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Field Test: Apex 460 Tube Microphone


In a sea of inexpensive mics, there is a new contender for your dollars: the Apex 460. Squarely aimed at the engineer on a tight budget, it offers features and functionality never before found at this price point. The Apex 460, made in China, is a 1-inch-diaphragm, multipattern tube mic that comes with a power supply, connecting cable, shock-mount and IEC power cable — all for $229.

The 460 offers an unimpressive S/N ratio of 76 dB and a self-noise of 20 dB (A). This mic is not at its best when used on quiet sources. The power supply carries an on/off rocker switch, IEC cable input and voltage selector on the back; on the front are a 7-pin XLR input and a standard 3-pin XLR.

Patterns are switched in nine increments between omni on the left and figure-8 on the right via a rotary knob, which is also on the power supply’s front panel. Similar to any mic using a thin multipin XLR connector, care must be taken not to force the plug.

I first tried the 460 on a tenor sax. I’ve worked with this particular sax player in the past and he has good ears and is very picky about microphones. On various sessions, I’ve heard his sax through a Neumann 147 and U87, AEA R84 and various other mics, and he hasn’t fallen in love with any of them. However, for him, the Apex was love at first listen.

I set up the mic pointing just above the bell and ran it through an SSL 4000 G+ Series preamp directly to a Studer A827 multitrack at 30 ips. On a number of tracks, the tone of the sax was balanced, not strident; it sounded good in the mix without requiring EQ. The sax player even bought a stereo pair of the 460s for his own use.

The Apex also shined on acoustic guitar. This particular part was a combination of strumming and single-note lines interspersed. The result was pleasing, and like the sax, the guitar sat nicely in the mix without needing much EQ. It’s not blazing on the top end, and there’s not a significant low-end bump — it’s just right. Switching the patterns produced varying degrees of room in the mix — a nice way to alter your tone and ambience feed with minimal effort.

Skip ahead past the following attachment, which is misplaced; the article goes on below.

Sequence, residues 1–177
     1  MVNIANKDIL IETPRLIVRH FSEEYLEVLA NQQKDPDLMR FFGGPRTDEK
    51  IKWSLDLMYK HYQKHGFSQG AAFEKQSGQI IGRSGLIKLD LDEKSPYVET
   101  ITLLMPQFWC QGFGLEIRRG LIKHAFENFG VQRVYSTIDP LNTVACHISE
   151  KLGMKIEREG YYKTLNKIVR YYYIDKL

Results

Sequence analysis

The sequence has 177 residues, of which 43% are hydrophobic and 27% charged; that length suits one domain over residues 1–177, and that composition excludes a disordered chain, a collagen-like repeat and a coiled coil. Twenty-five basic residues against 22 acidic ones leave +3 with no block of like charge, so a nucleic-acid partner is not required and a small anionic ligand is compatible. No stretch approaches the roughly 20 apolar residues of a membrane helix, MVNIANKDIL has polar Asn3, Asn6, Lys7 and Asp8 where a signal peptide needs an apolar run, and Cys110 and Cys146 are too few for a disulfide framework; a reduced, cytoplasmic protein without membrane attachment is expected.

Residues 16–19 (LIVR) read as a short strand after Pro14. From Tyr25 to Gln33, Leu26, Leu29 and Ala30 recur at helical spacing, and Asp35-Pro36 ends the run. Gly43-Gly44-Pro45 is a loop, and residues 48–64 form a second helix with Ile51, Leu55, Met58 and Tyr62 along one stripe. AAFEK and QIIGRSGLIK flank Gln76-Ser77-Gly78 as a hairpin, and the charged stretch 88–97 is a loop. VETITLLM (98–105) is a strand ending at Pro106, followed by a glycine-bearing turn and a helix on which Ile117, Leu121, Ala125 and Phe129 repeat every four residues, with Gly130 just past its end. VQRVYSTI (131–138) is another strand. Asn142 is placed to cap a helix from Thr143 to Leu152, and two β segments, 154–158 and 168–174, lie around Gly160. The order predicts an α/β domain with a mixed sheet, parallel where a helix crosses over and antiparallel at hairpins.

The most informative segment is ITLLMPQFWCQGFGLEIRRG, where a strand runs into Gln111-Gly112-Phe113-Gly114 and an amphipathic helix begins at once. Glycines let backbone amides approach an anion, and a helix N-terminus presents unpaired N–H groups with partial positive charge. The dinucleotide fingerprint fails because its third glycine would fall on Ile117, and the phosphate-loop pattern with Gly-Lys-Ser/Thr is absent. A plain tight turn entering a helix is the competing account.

The mic was a solid winner on male lead vocals when put up against another Chinese-manufactured tube mic and a much more expensive ribbon vocal mic. The Apex had a nice top end that wasn’t overbearing and the bottom was not tubby, but a tad too thin for my tastes. Adding a couple of dB at 100 Hz took care of that.

The Apex worked nicely as a secondary mic pulled back from a guitar amp that was miked with a closely placed Shure SM57. The Apex is not very accurate off-axis, so it wouldn’t be my first choice as a room mic, but it works fine when used as a trashy room feed that you can compress and add to the final mix.

I didn’t care for the Apex as a stereo pair of drum overheads. Compared to a pair of BLUE Bottles used the same day in a later setup, the 460s couldn’t handle the loud sonic complexity provided by the cymbals and toms. The Bottles outclassed the 460s, but at $5,000 each, they should.

Using the 460s as room mics produced the same results, although they didn’t sound bad when the drummer was playing the ride cymbal: The crashes were washy and the stereo image was poor. I wouldn’t recommend them in this application.

It also did a decent job on a pair of congas. The player was not a banger, so the transient issues experienced with the drum application wasn’t a problem. It was good, but not great here — certainly good enough to tuck into a mix in a supportive role.

Think of the Apex 460 like your first car or guitar: It’s not a Ferrari or a Fender, but it is functional and fun. Functional, because you can throw it up on something as a flavor mic: an extra feed from a guitar amp or as a room mic to crush to a lo-fi death and add to taste in a mix. The 460 also sounded pretty good on tenor sax and acoustic guitar.

Bottom line: At $229, the Apex 460 is a phenomenal buy and although it will never replace its higher-end brothers, it stands up in its own right and does a decent job in a number of applications.

Besides, at this price, it’s one that you wouldn’t mind opening up to dink around with the electronics or to change the tube. I’ve already seen modded units available online with a lower output and quieter tube, along with some capacitor changes. This is not a mic aimed at the high-end user, but at the hobbyist and/or home studio owner. For that large chunk of the recording public, owning this mic is a no-brainer.

Apex, 716/297-2920,

Kevin Becka is Mix’s technical editor.